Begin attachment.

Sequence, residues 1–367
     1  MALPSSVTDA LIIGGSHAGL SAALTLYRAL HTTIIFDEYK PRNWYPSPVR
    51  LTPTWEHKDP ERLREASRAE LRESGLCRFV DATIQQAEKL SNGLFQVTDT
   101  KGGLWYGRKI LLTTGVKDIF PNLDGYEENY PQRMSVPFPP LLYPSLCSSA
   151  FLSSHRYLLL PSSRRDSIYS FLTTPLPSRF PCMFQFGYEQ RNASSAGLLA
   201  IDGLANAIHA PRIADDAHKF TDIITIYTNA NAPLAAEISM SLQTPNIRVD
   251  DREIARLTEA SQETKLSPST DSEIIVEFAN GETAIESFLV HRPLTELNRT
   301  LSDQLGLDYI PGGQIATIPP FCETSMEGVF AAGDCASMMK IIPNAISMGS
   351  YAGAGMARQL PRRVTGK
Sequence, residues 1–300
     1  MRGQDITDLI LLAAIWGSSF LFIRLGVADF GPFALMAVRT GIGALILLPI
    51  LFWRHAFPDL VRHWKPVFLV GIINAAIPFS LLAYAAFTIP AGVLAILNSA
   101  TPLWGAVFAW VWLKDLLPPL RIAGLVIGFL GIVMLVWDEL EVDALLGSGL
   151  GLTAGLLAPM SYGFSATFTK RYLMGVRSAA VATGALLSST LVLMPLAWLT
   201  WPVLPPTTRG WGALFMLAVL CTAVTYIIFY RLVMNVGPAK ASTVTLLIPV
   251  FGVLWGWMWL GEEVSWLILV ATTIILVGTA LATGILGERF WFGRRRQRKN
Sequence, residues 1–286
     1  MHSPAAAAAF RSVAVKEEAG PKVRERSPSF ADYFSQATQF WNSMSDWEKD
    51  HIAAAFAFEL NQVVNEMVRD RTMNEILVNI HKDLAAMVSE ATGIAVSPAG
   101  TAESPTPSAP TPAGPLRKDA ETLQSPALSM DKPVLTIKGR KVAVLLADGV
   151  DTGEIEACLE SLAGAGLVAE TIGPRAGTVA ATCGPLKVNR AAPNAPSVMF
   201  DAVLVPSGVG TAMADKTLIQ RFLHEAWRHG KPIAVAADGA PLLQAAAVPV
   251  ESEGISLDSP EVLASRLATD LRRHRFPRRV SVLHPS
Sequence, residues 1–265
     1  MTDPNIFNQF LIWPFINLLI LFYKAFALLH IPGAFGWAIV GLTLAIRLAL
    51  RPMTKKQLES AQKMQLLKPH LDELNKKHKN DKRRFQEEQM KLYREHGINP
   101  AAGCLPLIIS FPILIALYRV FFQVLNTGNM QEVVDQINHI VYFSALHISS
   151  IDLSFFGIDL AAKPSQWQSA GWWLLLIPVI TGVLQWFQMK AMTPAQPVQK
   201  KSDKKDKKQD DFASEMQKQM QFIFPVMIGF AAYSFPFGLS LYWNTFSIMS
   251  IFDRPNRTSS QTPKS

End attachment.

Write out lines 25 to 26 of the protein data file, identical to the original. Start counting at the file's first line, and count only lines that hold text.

     1  MTDPNIFNQF LIWPFINLLI LFYKAFALLH IPGAFGWAIV GLTLAIRLAL
    51  RPMTKKQLES AQKMQLLKPH LDELNKKHKN DKRRFQEEQM KLYREHGINP